Does anyone know that the root meaning of ‘pain’ is payment?  So according to the pleasure principle we are designed to avoid or defer payment.

pain (n.)  from PIE *kwei- “to pay, atone, compensate”.

Does anyone know that one of the root meanings of ‘pain’ is atonement?  So according to the pleasure principle we are designed to avoid or defer at-one-ment. Our Amygdalas operate on the pleasure principle.  Buy now, enjoy now—pay (atone) later, medicate now, meditate later.

So we sell our souls for a cookie, or a beer or a mindless television show.  We sell our souls, one day at a time, for internet porn or romantic fantasies and a promise to do better tomorrow.  We don’t even sell them; we just don’t even notice them.  When it comes to the spiritual marketplace we are bad traders and horrible investors.  We are children exchanging anything for the bigger package or the smaller price or the immediate payback or the lesser pain. And we might as well admit it—we cannot help ourselves.  Yet the joke or the paradox is that at the same time we actually think we are in control and hence must be constantly dissatisfied with our performance.  We are absolutely sure we could have done better and perhaps we will next time.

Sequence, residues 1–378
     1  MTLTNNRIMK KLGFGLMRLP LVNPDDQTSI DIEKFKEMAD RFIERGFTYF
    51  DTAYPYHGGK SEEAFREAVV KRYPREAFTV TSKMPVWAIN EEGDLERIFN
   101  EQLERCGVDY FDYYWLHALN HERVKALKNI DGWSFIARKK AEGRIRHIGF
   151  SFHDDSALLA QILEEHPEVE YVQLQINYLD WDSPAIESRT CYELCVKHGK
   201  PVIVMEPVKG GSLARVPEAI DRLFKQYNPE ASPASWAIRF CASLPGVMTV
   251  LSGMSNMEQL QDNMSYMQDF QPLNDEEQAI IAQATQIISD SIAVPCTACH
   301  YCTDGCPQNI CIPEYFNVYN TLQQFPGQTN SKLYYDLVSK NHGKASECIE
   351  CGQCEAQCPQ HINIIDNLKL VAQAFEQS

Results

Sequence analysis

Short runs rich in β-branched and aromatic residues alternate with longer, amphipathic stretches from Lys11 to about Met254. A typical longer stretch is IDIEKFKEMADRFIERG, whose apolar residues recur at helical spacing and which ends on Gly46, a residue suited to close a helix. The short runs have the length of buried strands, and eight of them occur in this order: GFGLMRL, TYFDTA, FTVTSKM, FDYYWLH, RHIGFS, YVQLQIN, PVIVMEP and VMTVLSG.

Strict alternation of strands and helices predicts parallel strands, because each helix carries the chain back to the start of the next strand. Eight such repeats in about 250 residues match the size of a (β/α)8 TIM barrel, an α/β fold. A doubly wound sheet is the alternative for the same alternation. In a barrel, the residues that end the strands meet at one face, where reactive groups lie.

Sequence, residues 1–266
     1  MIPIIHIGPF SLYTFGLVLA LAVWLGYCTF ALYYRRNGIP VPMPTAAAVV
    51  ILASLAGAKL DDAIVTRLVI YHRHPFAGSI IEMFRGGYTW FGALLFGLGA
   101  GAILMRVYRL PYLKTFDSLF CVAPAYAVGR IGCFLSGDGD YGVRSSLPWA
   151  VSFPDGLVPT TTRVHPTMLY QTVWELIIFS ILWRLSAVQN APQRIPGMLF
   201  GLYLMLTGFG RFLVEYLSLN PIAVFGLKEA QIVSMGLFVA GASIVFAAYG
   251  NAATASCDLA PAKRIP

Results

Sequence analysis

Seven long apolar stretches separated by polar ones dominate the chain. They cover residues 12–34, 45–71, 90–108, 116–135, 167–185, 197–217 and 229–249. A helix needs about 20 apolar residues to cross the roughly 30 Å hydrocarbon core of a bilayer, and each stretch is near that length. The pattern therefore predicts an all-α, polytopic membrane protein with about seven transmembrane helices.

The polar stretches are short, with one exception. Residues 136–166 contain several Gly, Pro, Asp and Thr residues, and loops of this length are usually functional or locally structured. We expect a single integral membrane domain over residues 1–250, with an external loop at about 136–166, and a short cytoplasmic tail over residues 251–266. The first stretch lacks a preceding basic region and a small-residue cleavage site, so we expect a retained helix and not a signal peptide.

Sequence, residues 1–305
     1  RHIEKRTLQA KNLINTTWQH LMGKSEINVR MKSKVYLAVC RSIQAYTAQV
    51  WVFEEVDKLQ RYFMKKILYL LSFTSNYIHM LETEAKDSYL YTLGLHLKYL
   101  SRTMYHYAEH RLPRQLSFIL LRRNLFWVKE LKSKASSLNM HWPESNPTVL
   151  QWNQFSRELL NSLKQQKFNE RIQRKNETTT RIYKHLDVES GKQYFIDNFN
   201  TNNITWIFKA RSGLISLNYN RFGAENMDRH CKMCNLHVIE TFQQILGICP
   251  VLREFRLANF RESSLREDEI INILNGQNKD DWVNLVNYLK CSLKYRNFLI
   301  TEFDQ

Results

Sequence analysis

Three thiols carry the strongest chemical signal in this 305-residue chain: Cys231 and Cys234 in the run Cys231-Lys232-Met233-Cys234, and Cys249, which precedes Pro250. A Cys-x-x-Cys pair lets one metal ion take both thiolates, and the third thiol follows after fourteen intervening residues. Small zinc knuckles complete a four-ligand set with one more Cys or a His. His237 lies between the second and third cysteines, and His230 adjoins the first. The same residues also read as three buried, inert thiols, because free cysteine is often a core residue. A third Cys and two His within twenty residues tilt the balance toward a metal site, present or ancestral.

So my constant point is to get our eyes on this phenomenon of avoiding pain.   

We are doing it all the time.  We avoid the painful conversations, the very ones that would make a difference. We avoid the unpleasant sensations, who among us can endure an entire evening without a snack?  We no longer even eat our vegetables first, we go straight for dessert.  We are no longer under parental guidance and neither are our children.

And yet we can no more avoid the pain than the fish can avoid the water.

(Originally Posted March 12, 2013)

A New Fragment on Spiritual Dis-ease

Oh my poor friend John.  He is in dismay about his disease.  Nosooner had he admitted to being an alcoholic than his sex addiction jumped up and amplified itself until he had to admit he was like them (the sex addicts) too.  He is fit to be tied about how everything is getting worse.  And forget about his gambling issues, the food/sugar factor and the fear of appearing stupid.  What is a fellow supposed to do with such a pleonasma of dis-eases?